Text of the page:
5. Slowly and patiently drill the hole. It will be about 2mm or so deep. BE CAREFUL! Don't damage the flat spring!
  6. Once you have the hole drilled, use something like a paper clip or a tiny jeweler's screwdriver to push through the hole and depress the flat spring.
  7. The key should still be IN the ignition lock. Carefully slide the lock barrel out of the cylinder. Here's what it looks like removed:

In some posts I read about this procedure, there were warnings about springs flying everywhere. I didn't have that problem, so I'm not sure what those posts were talking about...but suffice it to say, anything may happen, so very carefully slide the lock cylinder out. If you have the key inserted, and rotated to the off position, the locking tab on the cylinder assembly should stay right where it is.

Now that you have the lock barrel out, you can take it to your locksmith to have it rekeyed.

In my case, the whole reason for the operation was because I was getting intermittent electrical outages for all of the accessories that are operated with "key in" functions. This includes (by default) the seat belt warning buzzer and the radio. Read on to find out why and how to fix it.
_________________
15 981 GTS | 04 955 Turbo | 88 924S SE | 82 931 (x2) | 81 937 | 81 Euro 931 | 81 Weissach | 80 US 928 | 80 US 931 '941' | 80 US 931 | 80 931 GTR | 79 Sebring | 78 D-Prod (x2) | 78 Poli-Form | 78 Limited Edition | 77 Martini
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ideola  



Joined: 01 Oct 2004
Posts: 15366
Location: Woodstock IL

PostPosted: Mon Aug 20, 2012 5:30 am    Post subject: Reply with quote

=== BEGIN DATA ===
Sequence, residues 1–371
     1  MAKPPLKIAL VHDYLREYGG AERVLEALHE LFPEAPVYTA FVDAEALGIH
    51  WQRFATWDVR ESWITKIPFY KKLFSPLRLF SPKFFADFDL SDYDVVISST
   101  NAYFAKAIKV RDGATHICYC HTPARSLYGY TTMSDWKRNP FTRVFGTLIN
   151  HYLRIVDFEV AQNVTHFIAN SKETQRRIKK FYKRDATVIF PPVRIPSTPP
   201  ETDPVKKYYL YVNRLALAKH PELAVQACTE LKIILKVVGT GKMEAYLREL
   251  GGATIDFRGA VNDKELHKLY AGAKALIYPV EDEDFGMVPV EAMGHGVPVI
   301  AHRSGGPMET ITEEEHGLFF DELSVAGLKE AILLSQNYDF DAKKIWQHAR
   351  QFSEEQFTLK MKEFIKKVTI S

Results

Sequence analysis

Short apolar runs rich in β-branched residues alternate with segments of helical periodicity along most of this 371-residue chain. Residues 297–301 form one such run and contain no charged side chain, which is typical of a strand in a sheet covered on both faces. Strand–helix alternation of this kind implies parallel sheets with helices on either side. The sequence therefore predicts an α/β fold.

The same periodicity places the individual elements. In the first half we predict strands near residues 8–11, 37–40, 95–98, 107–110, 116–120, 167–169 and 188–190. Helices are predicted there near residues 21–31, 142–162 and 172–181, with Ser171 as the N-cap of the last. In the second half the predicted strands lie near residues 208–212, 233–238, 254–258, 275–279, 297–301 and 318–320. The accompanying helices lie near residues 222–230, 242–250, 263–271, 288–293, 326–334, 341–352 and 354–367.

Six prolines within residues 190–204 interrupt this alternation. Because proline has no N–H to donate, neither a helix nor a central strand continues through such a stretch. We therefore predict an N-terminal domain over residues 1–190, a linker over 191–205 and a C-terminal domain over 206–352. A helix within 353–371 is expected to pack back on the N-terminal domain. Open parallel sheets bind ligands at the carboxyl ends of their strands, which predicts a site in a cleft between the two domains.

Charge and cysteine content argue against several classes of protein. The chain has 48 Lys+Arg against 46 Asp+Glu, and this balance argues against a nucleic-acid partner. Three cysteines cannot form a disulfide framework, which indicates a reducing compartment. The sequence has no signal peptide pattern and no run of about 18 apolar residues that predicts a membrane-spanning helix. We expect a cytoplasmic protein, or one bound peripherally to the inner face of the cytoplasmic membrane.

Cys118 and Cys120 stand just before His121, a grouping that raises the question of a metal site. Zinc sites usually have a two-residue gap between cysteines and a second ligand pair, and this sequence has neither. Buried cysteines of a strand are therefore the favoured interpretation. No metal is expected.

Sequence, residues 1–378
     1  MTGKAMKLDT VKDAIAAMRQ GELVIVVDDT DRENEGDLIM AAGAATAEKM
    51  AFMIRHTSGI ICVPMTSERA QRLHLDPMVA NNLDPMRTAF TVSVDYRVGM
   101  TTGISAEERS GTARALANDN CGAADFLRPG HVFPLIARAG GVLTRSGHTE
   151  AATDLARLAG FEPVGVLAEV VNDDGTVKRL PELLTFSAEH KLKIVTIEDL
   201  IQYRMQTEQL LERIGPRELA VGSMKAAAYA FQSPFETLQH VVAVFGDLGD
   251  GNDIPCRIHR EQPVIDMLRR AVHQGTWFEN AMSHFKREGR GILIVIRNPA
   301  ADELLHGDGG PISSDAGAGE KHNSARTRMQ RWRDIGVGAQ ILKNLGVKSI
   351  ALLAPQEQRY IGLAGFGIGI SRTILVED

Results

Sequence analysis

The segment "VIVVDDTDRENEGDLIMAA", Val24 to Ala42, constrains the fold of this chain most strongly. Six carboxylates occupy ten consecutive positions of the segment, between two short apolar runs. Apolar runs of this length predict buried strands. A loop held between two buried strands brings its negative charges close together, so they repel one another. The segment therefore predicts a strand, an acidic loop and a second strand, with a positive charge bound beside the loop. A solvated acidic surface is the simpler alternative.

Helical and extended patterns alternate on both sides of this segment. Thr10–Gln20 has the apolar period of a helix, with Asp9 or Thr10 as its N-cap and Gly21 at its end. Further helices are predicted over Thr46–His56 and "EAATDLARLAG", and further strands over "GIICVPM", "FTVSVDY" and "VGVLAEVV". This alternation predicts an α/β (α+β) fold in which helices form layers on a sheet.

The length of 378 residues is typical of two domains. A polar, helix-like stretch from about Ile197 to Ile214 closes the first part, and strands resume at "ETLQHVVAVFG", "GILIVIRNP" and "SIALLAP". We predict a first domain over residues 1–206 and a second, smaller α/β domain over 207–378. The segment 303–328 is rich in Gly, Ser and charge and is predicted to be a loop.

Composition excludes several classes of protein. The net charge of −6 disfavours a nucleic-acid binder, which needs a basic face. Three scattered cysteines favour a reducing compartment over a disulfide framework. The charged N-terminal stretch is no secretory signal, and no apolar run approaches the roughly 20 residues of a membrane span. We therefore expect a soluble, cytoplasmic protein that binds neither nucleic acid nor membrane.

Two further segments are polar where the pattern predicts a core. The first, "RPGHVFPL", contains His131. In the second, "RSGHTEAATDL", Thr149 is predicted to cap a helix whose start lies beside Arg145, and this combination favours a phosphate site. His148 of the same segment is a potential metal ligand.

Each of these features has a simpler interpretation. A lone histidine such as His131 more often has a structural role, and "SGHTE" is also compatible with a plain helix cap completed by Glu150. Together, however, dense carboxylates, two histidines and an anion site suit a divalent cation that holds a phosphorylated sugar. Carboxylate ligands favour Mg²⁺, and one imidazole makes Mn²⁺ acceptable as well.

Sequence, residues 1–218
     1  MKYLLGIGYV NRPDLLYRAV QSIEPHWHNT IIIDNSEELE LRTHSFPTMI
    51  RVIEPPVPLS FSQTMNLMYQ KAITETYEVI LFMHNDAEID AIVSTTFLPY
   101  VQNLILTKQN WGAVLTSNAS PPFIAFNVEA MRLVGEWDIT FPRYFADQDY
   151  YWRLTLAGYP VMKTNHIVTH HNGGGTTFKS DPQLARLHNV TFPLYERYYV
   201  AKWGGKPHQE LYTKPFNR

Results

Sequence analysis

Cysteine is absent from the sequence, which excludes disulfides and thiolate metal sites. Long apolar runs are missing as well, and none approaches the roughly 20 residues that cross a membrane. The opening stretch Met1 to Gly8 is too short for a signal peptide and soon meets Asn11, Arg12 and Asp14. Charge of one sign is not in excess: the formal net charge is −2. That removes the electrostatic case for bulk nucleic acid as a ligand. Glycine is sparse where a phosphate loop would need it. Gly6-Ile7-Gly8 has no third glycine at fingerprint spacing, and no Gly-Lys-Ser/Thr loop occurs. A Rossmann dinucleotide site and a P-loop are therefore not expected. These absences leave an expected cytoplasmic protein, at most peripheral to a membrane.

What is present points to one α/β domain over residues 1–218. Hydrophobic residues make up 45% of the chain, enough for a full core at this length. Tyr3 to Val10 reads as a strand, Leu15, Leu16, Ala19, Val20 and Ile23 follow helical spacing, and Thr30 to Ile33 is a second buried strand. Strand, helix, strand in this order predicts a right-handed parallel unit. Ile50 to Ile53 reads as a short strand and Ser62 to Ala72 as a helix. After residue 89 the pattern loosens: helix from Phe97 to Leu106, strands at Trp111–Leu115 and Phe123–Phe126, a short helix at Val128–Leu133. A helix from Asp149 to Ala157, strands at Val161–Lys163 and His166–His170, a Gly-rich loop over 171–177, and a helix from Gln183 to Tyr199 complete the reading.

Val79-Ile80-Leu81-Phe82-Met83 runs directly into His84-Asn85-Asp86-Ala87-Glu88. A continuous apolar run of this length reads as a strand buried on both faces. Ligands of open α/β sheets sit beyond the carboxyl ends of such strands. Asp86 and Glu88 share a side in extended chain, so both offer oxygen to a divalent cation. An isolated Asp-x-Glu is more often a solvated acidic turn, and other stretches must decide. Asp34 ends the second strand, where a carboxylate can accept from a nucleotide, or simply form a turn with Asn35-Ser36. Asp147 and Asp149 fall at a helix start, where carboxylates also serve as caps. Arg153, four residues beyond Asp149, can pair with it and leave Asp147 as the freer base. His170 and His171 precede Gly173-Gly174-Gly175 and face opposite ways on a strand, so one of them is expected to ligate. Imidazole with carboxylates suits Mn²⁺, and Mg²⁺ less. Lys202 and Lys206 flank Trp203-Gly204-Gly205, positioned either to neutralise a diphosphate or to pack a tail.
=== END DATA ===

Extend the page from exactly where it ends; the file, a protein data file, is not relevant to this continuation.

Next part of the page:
So as it turns out, the intermittent electrical outages I was having was due to the "nose" of the end of the lock barrel being completely worn down. When you insert the key into the barrel, the "nose" portion of the ignition lock gets pushed back and makes contact with the center contact on the ignition switch itself. This contact is what provides power to the seat belt buzzer and radio. In my car, I'm also using this circuit to "pre-power" the electronic/digital boost gauge and AFR gauge. Really annoying when they kept flickering on and off!

So, now to replace the "nose" of the ignition lock.
  1. Make sure the key is inserted and in the OFF position.
  2. Rotate the lock barrel in your hand until you can see the tiny tension pin that holds the "nose" onto the main assembly. In this photo, the pin is partially pressed out so you can see it better:

    Use the tiniest of your jewelers screw drivers to gently tap and press the tension pin out.
  3. Once the pin is out, the nose will separate from the main assembly.

  4. Replace the nose piece using one scavenged from another known-good unit. In my case, I happened to have an excellent condition 924S lock barrel on hand, and its nose piece was in much better condition than the original. Here's a comparison pic: the worn nose piece is on the left, the replacement piece is on the right. Notice how the original unit is pretty much worn completely flat. This is why I wasn't getting reliable, consistent contact!!!

  5. Press the tension pin back into the lock barrel assembly.
  6. Reassemble the lock barrel and cylinder, reversing the steps described above. Make sure you leave the key IN the lock cylinder throughout the procedure.
  7. When you reinstall the lock cylinder assembly onto the steering shaft, you have to turn the key to the ACC position to cause the lock pin to detract, otherwise you will not be able to get the assembly back onto the shaft all the way.

_________________